connected to the analog ground plane and kept away
from any digital components, power supply connection.
By this, it is meant that the analog circuitry (including
MCP3901) and digital circuitry (MCU) should have
separate power supplies and return paths to the
external ground reference, as described in Figure 1.
ID
IA
0.1 μF
AVDD
0.1 μF
VA
DVDD
VD
MCP3901
MCU
AGND DGND
IA
ID
“Star” Point
D-=
A-=
FIGURE 1:
All Analog And Digital Return
Paths Need to Stay Separate with Proper Bypass
Capacitors.
© 2009 Microchip Technology Inc.
DS01300A-page 1
AN1300
Figure 2 shows a more detailed example with
connection directly to a high voltage line ( e.g. a two
wire 120V or 220V system). A current sensing shunt is
used for the current measurement on the high side
(line side), and this also supplies the ground for the
system. This is necessary as the shunt is connected
directly to the channel input pins of the MCP3901. To
reduce sensitivity to external influences such as EMI,
these two wires should form a twisted pair, as noted in
Figure 2.
The power supply and MCU are separated on the right
hand side of the PCB, surrounded by the digital ground
plane. The MCP3901 is kept on the left hand side
surrounded by the analog ground plane. There are two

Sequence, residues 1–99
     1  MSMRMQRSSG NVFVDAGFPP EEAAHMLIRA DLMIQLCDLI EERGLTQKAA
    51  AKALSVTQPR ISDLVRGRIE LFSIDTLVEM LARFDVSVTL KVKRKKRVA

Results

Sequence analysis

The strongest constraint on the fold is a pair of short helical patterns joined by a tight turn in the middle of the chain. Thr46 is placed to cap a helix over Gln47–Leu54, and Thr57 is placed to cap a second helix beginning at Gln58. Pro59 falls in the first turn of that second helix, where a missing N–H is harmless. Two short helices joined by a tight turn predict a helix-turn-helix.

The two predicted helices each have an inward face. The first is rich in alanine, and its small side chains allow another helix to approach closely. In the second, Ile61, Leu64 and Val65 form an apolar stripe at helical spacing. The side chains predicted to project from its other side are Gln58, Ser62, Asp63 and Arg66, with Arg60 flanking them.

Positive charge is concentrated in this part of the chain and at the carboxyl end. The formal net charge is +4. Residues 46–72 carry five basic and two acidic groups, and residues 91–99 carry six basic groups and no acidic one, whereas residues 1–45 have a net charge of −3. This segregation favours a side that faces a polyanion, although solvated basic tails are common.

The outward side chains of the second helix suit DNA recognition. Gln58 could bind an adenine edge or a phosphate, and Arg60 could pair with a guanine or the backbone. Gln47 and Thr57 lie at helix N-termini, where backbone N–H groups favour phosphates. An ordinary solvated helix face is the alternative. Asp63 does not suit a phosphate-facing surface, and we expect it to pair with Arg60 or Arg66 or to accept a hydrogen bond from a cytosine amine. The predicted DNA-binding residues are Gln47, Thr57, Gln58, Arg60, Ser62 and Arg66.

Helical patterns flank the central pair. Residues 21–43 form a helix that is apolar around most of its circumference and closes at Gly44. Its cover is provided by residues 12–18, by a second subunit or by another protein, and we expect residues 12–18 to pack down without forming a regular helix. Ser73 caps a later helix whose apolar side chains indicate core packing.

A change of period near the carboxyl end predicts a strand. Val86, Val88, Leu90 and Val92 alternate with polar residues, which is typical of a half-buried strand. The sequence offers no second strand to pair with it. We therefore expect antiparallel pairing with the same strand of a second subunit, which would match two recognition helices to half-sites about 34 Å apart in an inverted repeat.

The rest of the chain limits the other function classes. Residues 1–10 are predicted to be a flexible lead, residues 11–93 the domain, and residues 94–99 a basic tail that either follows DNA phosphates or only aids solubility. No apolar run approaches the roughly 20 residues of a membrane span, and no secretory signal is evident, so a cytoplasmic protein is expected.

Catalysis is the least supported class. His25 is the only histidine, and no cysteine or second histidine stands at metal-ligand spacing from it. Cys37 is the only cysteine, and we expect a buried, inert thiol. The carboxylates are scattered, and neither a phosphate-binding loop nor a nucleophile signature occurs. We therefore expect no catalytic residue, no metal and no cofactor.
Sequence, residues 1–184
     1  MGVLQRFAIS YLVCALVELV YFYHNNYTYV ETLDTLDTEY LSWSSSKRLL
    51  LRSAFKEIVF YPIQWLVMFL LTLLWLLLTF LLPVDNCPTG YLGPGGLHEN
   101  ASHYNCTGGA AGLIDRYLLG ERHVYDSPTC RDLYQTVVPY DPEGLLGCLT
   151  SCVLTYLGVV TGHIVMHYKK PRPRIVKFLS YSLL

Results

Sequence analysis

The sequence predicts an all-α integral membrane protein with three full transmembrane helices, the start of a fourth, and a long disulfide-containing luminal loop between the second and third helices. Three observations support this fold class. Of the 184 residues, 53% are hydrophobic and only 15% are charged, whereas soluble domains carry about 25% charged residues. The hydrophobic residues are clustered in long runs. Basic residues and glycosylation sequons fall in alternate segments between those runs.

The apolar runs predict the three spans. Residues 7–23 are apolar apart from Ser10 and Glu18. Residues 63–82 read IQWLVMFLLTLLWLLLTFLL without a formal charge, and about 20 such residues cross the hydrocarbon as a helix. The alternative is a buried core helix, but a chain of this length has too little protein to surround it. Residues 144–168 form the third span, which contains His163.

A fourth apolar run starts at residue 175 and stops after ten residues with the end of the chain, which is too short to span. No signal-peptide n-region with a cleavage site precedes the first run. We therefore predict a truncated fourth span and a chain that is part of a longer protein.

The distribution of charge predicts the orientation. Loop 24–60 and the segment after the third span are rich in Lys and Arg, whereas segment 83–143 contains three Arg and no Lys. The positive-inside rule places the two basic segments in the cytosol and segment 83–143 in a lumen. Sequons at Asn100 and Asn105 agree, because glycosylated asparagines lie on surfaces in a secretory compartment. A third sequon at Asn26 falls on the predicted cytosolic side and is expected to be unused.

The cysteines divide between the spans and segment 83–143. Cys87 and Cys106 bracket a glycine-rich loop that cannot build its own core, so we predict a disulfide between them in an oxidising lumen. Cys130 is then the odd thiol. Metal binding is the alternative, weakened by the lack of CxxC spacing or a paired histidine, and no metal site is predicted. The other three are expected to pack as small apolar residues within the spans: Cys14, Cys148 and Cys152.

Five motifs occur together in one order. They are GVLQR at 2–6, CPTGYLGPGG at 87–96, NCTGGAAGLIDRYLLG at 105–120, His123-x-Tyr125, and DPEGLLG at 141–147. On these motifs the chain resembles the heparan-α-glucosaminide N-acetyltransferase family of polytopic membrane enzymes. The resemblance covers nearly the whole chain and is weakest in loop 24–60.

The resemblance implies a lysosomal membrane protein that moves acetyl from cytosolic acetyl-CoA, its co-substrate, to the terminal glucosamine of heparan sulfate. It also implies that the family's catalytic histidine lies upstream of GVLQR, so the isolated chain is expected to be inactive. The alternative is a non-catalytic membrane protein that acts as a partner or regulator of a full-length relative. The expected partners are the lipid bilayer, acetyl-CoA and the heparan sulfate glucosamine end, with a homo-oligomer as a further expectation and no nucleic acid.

separate power supplies going to the digital section of
the system and the analog section, including the
MCP3901. You can see with this placement there are
two separate current supply paths and current return
paths, IA and ID.
Analog Ground Plane
IA
Digital Ground Plane
MCU
MCP3901
IA
ID
ID
VD VA
POWER SUPPLY
CIRCUITRY
Twisted
Pair
LINE
“Star” Point
SHUNT
NEUTRAL
FIGURE 2:
MCP3901 Design with
Proper Analog and Digital Grounding and Power
Supply Layout.
The ferrite bead between the digital and analog ground
planes helps keep high-frequency noise from entering
the device. They are also typically placed on the shunt
inputs and into the power supply circuit for additional
protection. For energy metering or power monitoring
applications like this, the “MCP3905A Energy Meter
Reference Design”, contains all of these approaches
and includes a complete schematic for shunt based
designs like this connected directly to the line [2].
CORRECT USE OF THE MCP3901
DITHERING BLOCK
The MCP3901 device includes a dithering algorithm
that reduces distortion and improves spurious free
dynamic range (SFDR) while maintaining a large
signal-to-noise ratio (SNR). Understanding the
principles behind dithering, the reasons for its
implementation, and the resulting effect on the ADC
performance allows you to determine which situations